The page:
Saturday, 22 February 2014


Over the holidays, one of the books that I read was Focus by Daniel Goleman. I was looking forward to this because his book Emotional Intelligence was excellent.   I was also interested in Focus because of the classroom implications. 
Edutopia has a nice article and a video playlist of the key ideas from the book. This video, on Breathing Buddies really got me thinking about how I might be able to utilize this with my students.

I started sewing up these Breathing Buddies for students to use, and then I realized that it would be SO much better if students sewed their own. Afterall, sewing a button is a good skill for everyone to have----- plus students would probably be more engaged when creating their own buddies.

We started by learning how to thread a needle and sew ------ up and down, up and down ------ on a paper plate. 

Students then drew a circle, rectangle and triangle pattern on a paper plate and sewed around the perimeter of each shape (a math connection). Next, students chose their felt colour(s) and the buttons that would make the cutest, strangest or scariest face depending on student preference. After making choices, it was time to sew on the button eyes. Threading the needle and sewing on the paper plate had been great practice for students.

There was some frustration - and that was ok! We were discussing strategies that we could use when we get frustrated. We talked about how anger, sadness, frustration, fear and joy were all normal emotions. We also had discussions about how we don't always make the best decisions when we are angry or frustrated, so we all have to have strategies to help us calm down.

Here are some of the Breathing Buddies or Calming Creatures as some students named them. The idea is to put the buddy on your belly and take a slow breath that is big enough to inflate your belly like a balloon so the buddy rises up - then you slowly breathe out so the buddy doesn't fall off your belly. After your buddy rises and falls 5-10 times, we all decided that we felt more calm and relaxed.


apologies about the misalignment of the pictures....something is not working correctly :(

Reader's Theater Part 1

To introduce grade 2 students to Reader's Theater, we started with a Read Aloud of The True Story of the Three Little Pigs by Jon Scieska and watched an example of how this book was performed as Reader's Theater.

After seeing the first Reader's Theatre example, we co-constructed success criteria. Despite my insistence that Reader's Theatre does not require masks, my students argued that without masks it would be very difficult for the audience to know which character was which. So we included masks. Here is the first iteration of our co-created success criteria.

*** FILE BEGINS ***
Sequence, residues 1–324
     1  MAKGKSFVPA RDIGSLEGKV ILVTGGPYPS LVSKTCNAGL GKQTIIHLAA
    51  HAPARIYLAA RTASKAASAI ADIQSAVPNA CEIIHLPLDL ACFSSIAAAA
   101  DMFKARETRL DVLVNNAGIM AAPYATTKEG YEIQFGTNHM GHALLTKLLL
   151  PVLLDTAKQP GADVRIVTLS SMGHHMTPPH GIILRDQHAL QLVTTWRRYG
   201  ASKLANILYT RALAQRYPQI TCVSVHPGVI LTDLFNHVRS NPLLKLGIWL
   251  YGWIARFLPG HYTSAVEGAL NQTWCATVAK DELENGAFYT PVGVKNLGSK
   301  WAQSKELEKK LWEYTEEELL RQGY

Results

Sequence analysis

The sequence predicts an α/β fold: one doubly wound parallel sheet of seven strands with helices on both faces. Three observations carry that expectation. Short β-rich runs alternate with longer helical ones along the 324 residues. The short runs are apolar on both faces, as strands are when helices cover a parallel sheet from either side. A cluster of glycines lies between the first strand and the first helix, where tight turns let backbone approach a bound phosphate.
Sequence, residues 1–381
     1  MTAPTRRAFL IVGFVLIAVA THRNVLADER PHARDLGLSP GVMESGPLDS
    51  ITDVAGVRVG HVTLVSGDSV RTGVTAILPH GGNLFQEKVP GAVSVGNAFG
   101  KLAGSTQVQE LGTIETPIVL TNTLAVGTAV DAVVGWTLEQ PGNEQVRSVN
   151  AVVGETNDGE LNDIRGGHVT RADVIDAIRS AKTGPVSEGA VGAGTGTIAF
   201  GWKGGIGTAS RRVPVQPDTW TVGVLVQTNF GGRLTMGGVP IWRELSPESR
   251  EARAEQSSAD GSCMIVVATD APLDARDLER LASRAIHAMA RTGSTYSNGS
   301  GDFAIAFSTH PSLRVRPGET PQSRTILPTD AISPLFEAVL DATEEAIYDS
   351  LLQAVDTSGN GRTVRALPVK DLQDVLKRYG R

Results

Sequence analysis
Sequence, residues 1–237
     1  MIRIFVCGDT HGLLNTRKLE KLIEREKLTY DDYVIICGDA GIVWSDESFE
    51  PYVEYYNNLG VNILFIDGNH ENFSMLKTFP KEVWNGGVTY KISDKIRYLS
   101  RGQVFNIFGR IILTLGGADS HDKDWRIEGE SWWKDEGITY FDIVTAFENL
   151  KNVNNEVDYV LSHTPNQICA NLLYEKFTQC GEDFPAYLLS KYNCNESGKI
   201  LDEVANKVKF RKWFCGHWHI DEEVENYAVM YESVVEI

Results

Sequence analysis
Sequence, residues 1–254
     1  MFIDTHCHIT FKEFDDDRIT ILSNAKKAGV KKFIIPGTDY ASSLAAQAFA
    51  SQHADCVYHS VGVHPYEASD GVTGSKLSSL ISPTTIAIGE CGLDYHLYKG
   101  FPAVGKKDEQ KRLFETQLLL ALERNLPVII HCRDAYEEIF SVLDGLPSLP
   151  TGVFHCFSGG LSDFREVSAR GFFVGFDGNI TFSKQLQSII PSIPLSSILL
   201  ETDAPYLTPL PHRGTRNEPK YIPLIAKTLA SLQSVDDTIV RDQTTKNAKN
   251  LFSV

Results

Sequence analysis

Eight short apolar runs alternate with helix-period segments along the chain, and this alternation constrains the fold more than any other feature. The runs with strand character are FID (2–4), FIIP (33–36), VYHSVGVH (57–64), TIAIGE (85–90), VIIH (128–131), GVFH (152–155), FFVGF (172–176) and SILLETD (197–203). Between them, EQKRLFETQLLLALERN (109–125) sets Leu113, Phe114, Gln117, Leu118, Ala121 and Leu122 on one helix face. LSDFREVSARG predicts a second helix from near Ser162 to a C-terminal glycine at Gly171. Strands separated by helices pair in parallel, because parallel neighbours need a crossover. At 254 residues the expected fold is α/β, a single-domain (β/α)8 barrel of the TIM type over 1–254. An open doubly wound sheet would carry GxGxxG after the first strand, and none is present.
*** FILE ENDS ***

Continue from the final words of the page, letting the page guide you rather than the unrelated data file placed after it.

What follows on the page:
We then watched a second Reader's Theater version of The True Story of the Three Little Pigs & used our success criteria to evaluate it. Students were not impressed with the performance, but thought about new items to add to our Success Criteria List.

Next came our discussion about scripts. Everyone wanted to play the role of the Wolf, so we decided that we would do several different Reader's Theater plays, ensuring that everyone who wanted to play a wolf could do so. (They did not realize how happy I was to agree to this - more Reader's Theater = more excitement about reading, more willingness to practice at home, more discussion and more opportunity for students to see the pattern of stereotypical 'wolfness' in fairy tales.)
Knowing how important the masks were for my students, I did some searching and found this instructional video for creating a wolf mask.

Each student (even the reluctant writers) jotted down a materials list while watching the video and every student gave me specific feedback on how I could improve the sample mask that I made.

Here are a few pictures of our mask making in progress (you will also see some bird masks which are for the script is The Wolf and The Seven Birds).

Did you notice that the wolf in the middle is eating a bird? !!!!

Now that our masks are almost complete, students are rehearsing on their own and with their groups. Students playing the same part, but in a different group, have become Guided Reading groups (all Mother Birds in one group, etc.)
The student's Drama teacher was impressed with the masks and we've started discussing how we can work together to allow the students to move beyond Reader's Theatre by adding movement, props, etc.
I will post Part 2 when we have had some run-throughs. Hopefully I will get permission to post some video :)
***apologies for the picture formatting - something is not working correctly :(